Saul needed to gain the support of his officials and his army commanders to fight against David. He was aware that David was a popular man in Israel. It seemed likely that many important people in Israelís government and army were Davidís friends.
By this time, David was leading a group of 400 men. Many of those men were capable and brave soldiers. They had joined David because they had troubles in Israel. Probably, many of them had suffered because of Saulís anger. However, David always insisted that they must remain loyal to Saul and to Israel (24:7).
Saul gave this important and powerful speech to his officials from the tribe of Benjamin. The tribes were the 12 large family groups in Israel. The tribe of Benjamin was Saulís tribe; many of his most important officials came from it.
Saul wanted to get a powerful reaction from those men. So, he accused them. They were plotting with David against him, he said. They were not loyal to Saul; they were looking for an opportunity to kill him. None of this, of course, was true. Saul said these things to make his officials afraid. They needed to prove that they were loyal to Saul; otherwise Saul could kill them, or he could remove them from their important jobs.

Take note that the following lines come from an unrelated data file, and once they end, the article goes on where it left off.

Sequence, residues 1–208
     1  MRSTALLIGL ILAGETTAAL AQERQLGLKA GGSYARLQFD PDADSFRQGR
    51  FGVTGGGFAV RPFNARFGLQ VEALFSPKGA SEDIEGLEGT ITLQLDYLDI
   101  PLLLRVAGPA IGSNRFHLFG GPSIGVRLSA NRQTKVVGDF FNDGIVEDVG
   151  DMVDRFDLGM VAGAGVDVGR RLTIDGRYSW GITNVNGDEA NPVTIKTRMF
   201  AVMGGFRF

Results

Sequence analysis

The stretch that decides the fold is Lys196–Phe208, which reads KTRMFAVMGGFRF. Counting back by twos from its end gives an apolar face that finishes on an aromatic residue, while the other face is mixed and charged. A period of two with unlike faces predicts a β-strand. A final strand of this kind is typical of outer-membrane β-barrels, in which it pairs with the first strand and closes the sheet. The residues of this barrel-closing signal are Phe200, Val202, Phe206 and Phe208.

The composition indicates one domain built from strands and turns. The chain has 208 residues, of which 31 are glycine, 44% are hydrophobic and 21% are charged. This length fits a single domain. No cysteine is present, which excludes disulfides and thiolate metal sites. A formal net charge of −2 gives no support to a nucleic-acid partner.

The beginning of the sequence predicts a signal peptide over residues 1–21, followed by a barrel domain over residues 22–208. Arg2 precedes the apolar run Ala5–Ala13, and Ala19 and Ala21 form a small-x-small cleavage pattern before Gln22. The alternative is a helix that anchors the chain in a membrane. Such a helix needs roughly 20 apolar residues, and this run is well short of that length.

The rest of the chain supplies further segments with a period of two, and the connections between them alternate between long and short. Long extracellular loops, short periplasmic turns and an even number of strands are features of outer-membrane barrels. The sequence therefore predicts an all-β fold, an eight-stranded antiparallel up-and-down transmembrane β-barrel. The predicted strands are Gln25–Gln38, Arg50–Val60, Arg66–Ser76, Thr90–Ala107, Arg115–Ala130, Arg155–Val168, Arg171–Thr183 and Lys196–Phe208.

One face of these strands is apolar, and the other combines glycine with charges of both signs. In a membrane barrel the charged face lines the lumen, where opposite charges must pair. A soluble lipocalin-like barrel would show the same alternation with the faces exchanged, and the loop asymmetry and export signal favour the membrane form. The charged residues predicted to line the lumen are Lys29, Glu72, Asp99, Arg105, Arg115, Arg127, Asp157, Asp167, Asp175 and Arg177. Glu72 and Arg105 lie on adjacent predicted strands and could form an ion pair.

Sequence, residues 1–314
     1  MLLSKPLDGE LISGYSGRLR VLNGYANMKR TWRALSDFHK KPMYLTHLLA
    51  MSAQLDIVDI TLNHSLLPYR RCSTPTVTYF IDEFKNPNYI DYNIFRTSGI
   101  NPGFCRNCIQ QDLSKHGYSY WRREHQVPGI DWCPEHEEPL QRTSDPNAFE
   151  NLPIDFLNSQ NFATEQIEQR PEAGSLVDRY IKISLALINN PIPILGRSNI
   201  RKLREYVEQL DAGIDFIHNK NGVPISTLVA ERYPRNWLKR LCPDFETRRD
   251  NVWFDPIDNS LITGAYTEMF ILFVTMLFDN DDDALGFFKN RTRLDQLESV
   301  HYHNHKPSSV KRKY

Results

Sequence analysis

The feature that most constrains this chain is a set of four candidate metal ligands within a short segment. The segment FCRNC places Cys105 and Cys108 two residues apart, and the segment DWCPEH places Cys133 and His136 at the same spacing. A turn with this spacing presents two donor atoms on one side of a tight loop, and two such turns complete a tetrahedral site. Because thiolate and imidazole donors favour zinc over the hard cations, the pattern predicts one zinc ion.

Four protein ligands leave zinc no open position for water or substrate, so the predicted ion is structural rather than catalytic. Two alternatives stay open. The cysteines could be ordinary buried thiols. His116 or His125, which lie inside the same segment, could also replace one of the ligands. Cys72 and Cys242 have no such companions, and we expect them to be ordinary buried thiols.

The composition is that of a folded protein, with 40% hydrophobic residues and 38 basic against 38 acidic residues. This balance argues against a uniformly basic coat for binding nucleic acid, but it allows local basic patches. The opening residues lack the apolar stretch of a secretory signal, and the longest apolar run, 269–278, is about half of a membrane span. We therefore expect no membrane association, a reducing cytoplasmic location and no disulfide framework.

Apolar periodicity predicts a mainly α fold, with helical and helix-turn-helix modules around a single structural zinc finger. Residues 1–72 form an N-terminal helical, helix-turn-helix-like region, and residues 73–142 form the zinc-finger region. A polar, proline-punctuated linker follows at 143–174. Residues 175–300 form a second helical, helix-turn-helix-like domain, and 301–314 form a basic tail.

Saul reminded his officials how much they had benefited from his rule. He had made them wealthy and important. He had given them fields and vineyards (fruit gardens). They had become commanders in the army. It was Saul, not David, who gave them these things. Saul had shown special kindness to men from his own tribe. If David were king, he would give wealth and honour to other men, instead of them.
So, Saulís officials must support Saul.
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© 2014, Keith Simons.